So yesterday I mentioned finding a couple of new words in the Jacobs material I had not seen before. I mentioned I found a weird and creepy verb. Part of the ‘new’ material included Annie Peterson’s biography of a Lower Coquille man named Djixwente (which she told in Milluk) and in it was a verb meaning ‘to sneak in and kill’; in his notes Jacobs also jotted down its Hanis equivalent.
The context was when whites snuck up and attacked a Lower Coquille village before dawn. There was a Milluk verb, sdauqwts, that means sneak-in-to-kill (before dawn). In Hanis it is stuukwts, or stuuwakw. You might be wondering why the Coos languages needed such a specific verb (there are other verbs meaning ‘to kill’ such as aiw- to kill several). It is a warfare verb – there are a couple of stories about how when one party wanted to attack a village, the typical method was to sneak up on it at dawn when presumably all were asleep and therefor very vulnerable to attack. This was how the village of Balicha at Gregory Point was destroyed. It is also how a girl’s village was destroyed in “The people who were killed up the bay” (see page 35 of Jacobs’ “Coos Narrative and Ethnologic Texts”).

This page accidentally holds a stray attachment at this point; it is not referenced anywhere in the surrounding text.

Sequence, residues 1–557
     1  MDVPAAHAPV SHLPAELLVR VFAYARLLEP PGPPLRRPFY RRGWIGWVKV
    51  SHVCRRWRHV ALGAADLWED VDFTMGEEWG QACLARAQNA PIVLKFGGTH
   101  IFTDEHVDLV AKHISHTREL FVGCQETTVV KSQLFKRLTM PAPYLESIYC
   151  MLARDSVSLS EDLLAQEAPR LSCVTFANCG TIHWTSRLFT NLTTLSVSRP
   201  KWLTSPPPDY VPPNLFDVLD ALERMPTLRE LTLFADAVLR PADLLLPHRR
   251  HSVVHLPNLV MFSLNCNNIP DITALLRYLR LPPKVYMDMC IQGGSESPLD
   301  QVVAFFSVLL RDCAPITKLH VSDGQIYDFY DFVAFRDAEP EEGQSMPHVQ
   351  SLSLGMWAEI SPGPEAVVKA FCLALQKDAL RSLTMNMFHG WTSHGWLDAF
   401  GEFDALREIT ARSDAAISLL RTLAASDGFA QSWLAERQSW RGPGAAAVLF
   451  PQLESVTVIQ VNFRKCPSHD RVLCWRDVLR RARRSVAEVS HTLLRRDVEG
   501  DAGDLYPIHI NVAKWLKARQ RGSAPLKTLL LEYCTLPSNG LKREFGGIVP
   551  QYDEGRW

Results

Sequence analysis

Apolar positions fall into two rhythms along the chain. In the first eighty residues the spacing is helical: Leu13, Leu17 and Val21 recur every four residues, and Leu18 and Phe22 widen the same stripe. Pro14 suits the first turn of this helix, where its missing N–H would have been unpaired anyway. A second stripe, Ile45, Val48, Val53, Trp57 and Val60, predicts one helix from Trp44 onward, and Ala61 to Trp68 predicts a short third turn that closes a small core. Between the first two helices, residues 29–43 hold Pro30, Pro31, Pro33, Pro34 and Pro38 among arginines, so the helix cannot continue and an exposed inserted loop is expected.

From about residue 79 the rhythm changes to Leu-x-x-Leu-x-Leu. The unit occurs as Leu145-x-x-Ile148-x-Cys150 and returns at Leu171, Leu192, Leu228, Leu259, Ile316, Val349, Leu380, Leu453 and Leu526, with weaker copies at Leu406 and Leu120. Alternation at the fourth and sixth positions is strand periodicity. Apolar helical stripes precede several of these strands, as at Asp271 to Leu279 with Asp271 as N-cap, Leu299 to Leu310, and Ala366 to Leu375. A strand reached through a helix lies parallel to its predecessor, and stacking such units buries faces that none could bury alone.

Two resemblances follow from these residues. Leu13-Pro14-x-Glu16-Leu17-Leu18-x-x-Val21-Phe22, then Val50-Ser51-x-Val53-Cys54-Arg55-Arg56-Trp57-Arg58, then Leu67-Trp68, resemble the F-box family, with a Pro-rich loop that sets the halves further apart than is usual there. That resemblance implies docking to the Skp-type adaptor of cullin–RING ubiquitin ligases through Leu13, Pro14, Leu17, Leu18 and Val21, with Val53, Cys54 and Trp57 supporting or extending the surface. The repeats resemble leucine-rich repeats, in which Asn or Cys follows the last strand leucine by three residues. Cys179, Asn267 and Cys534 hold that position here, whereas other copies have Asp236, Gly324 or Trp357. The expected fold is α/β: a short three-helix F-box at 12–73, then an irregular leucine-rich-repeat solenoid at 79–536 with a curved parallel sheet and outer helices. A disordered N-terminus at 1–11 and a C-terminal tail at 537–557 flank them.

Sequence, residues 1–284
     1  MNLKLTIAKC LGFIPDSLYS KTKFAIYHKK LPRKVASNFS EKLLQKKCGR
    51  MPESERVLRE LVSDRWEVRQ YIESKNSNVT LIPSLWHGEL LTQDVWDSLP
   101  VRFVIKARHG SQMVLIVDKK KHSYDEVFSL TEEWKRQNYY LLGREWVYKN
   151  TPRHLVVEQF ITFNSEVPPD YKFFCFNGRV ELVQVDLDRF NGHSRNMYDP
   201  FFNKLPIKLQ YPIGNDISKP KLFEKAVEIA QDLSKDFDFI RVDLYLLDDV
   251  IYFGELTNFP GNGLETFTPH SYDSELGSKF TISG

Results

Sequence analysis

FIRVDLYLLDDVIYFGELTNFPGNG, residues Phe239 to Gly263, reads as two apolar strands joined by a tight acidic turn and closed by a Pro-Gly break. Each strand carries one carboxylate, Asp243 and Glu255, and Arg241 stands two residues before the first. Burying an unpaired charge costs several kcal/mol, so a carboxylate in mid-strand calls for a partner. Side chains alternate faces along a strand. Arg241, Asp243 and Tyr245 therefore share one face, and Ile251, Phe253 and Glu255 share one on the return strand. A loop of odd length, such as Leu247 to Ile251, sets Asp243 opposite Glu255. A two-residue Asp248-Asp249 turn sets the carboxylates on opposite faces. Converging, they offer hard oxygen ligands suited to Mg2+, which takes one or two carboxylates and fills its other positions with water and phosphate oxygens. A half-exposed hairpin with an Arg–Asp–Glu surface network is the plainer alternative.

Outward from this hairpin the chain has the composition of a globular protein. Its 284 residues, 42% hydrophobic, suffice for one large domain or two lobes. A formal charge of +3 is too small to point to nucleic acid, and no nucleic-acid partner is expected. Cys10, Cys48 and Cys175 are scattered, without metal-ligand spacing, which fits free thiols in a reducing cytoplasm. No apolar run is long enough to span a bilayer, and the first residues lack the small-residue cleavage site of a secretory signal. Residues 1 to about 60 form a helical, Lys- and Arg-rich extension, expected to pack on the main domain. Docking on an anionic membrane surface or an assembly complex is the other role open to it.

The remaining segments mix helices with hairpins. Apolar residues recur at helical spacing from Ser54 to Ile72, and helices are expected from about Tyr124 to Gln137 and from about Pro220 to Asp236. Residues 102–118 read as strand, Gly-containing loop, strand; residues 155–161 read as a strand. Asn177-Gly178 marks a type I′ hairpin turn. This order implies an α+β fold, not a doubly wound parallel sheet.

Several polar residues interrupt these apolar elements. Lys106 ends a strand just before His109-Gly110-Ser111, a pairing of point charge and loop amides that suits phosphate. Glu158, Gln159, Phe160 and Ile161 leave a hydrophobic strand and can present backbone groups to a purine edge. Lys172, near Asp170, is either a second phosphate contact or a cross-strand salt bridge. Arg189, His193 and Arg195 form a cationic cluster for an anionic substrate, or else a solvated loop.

What struck me as vaguely funny is it is a near homonym for the word ‘to stand up’, stuuq- which is also the source for the word ‘wall’, stuuwaqwis (so wall is literally ‘standing thing’). One could write creepy silly sentences like stuukwts lox stuuwaqwis =the wall snuck up to kill them. stuuwakw lox stuuwaqwis =the walls were sneaking around to kill. Yeah, ok, phrases unlikely to appear in any stories but it is fun to play around with the words.